Serial band and project starter, synth player who considers himself a guitarist, compulsive weekly composer.
The three-guitar-piece series continues. This time it's low-tuned Univox hollow body, in a variant of Fahey C tuning (in this case, Bb F Bb F Bb C--the same tuning, but a whole step down). I tracked this in two short sessions--one late Saturday and one Sunday afternoon...though finding the right through-line took a while. There's a sparse gentleness to this one.
No inline effects, but some compression/eq on the stereo out, and convolution reverb.
The title comes from the asteroid 518 Halawe.
This week's track is another intentionally shorter piece, trying to make use of some silences and space. Initially I'd tracked a lot of different phrases in a different key Tuesday evening, a more aggressive approach that I'd liked...but it didn't lead to satisfying development. Finally, a more sparse combination of phrases in a different key seemed to lead somewhere, so I followed those, abandoning the first set. (I did keep them, though they're not used at all here.)
Three tracks of PureSalem Mendiola, with the end of one phrase bumped over to an additional channel, to allow for a note to decay across the beginning of the next phrase. Straight into the UA Volt-1, bit of convolution reverb on the channels and compression/eq on the stereo out. There's a bit of a vibe to this one.
The title comes from a village along England's A517.
Guitar-only with PureSalem Mendiola, three tracks (bridge, neck, both pickups). Recorded in three short sessions, though a bit longer to edit into shape. There's the usual signal chain: UA Volt, Ableton, some convolution reverb, and some compression/eq on the stereo.
There's a short clip on a fourth track to allow one note to fade over the next phrase on the source track.
The title comes from Arouca 516, one of the world's longest pedestrian bridges.
Three tracks of Danelectro baritone, with a contemplative vibe. Kind of digging it. The bridge pickup got the UA Volt-1 vintage circuit, while neck and both got the UA Volt-1 regular circuit. Bit of convolution reverb and the usual compression/eq on the stereo.
The title comes from the remote shell process, which is usually exposed on port 514.
Again with the three-guitar approach, done quickly in a few tracking sessions. This one's back to the PureSalem Mendiola, straight into the UA Volt 1. The signal chain in Ableton is the usual one: some sends to convolution reverb, stereo bus eq/compression, but nothing special in the channels.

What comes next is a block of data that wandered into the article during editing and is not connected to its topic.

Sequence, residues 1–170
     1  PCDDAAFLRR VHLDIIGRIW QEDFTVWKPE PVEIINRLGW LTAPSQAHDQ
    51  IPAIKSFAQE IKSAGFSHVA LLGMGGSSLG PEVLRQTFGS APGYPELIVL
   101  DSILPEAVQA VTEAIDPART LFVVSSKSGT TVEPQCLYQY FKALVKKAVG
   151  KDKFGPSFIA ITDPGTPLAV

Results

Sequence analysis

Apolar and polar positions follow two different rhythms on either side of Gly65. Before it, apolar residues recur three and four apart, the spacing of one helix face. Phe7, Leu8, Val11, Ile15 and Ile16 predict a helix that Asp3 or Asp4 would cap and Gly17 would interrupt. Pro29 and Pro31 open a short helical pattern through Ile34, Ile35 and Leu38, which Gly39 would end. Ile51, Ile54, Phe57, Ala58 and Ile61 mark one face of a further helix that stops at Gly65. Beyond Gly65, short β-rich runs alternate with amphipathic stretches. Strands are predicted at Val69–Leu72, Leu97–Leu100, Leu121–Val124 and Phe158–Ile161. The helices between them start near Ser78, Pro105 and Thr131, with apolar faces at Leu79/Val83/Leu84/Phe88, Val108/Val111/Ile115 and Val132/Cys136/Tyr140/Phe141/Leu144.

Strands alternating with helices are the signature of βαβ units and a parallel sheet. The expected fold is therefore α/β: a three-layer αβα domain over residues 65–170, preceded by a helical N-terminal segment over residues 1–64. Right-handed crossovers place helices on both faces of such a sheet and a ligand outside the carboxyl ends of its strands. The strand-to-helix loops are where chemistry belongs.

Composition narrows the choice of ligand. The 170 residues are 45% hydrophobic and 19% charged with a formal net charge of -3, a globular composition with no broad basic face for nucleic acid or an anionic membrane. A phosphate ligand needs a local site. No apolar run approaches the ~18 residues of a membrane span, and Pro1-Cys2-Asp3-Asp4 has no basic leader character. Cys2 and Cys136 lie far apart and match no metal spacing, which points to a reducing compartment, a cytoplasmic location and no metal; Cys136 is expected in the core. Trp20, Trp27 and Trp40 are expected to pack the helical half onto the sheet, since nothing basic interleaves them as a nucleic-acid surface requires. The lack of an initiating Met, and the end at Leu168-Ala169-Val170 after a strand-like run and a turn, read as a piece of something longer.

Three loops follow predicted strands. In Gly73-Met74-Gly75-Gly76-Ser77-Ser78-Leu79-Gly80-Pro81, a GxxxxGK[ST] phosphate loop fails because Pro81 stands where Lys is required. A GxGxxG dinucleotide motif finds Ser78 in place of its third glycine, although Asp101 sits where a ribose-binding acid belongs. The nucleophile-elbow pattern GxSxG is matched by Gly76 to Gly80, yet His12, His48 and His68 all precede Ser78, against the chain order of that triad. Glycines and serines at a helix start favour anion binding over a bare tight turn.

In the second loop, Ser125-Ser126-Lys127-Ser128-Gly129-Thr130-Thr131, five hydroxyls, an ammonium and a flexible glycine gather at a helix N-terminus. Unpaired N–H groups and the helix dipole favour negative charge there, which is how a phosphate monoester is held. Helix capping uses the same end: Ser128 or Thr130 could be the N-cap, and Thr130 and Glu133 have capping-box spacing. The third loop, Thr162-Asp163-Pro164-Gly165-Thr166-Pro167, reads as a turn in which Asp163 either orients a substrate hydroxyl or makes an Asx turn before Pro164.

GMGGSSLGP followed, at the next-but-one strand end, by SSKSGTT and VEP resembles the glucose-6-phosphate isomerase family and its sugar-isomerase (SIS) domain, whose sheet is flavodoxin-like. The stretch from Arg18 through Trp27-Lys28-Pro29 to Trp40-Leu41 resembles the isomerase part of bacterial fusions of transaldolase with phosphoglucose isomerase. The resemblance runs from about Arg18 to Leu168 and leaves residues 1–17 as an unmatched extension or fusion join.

Also again with the minor-planet-related title, though it's probably a better inspiration than Roman taxes.
Another three-tracks-of-Danelectro-baritone track, this one focusing mostly on fingerpicking. Straight into the UA Volt 1, but one section (right channel, 2:45-3:10) sounded weirdly lacking in tonal color, so I put it through high-pass auto-filter with drive. (Some of that lack of tone comes from where I was playing on the high strings: the 12th fret's a bit flat, so it's tricky to get a clean note sounding there, and several times the note sounded dead.) There's some convolution reverb and the usual multi band eq/compression on the stereo mix.
The title comes from the asteroid 512 Taurinensis
To switch things up a bit, this week's track uses the Danelectro Baritone. Three tracks (neck, bridge, both in series) straight into the UA Volt, no pedals. There's the usual convolution reverb and finalizing effects rack. I tracked in a couple quick late-night sessions Friday and Saturday; four clips didn't get used, but I ended up using everything else.
The title comes from the Indian astronomer Aryabhata, who developed many mathematical equations, including one describing the Earth's rotation, in (apparently) 511 CE.
This past week I had two live, in-person performances, and spent some time with tracks from earlier this year--it's the first time I've officially released any of the weeklies. Laodica is a collection of 10 guitar tracks from this year.
So...that all leaves not a lot of time for a new track, but I managed to fit in a three-track guitar thing. The usual signal chain, and PureSalem Mendiola.
The title comes from Ontario's Parry Sound, which has highway 510 running nearby.
Another three-guitar/no-drums thing, which fit into a busy weekend in two quick tracking sessions. Some weeks, I'll generate a lot of little motives that could fit in with something stronger, but end up being tossed. This one had only two bits that didn't get used: they could have worked, but I ended up tracking stronger lines over them.
PureSalem Mendiola into the UA Volt 1 (not on the vintage circuit), no pedals. A little convolution reverb, and the usual compression/eq on the stereo out.
The title comes from (again) the minor planet 509 Iolanda.
In and among a busier than usual weekend, I've managed to put this one together: a pleasant little all-Mendiola piece. Some of these figures were surprisingly difficult to nail, though they sound simple. (This was a balance between fingering choices and occasional converter drift distortion ruining the occasional take.)
The title comes from the number 508 apparently being the number of graphical forest partitions of 30.
Still with the guitar-only, this one four tracks of PureSalem Mendiola (bridge, neck, both, with one going through Uni-Vibe), This one's rather pretty, and has a bit of a vibe.
The title comes from the asteroid 507 Laodica--we're back to the celestial objects for this week.
With a very busy end-of-week and weekend, I was able to wedge in just a couple short tracking sessions, and a late arrangement/edit cycle. This one's just three tracks of PureSalem Mendiola into the UA Volt-1, with a touch of convolution reverb and the usual stereo compression.
I'm kind of neutral about this one--the stronger theme only came about in the last Sunday afternoon tracking, and earlier sessions had a bunch of wandering things that didn't make the final cut. It has a pleasant enough vibe, though.
The title comes from IC 506, an elliptical galaxy in the constellation Hydra.
This week's track came together in one quick Saturday-night tracking session with the PureSalem Mendiola and...a new-to-me stereo Uni-Vibe pedal.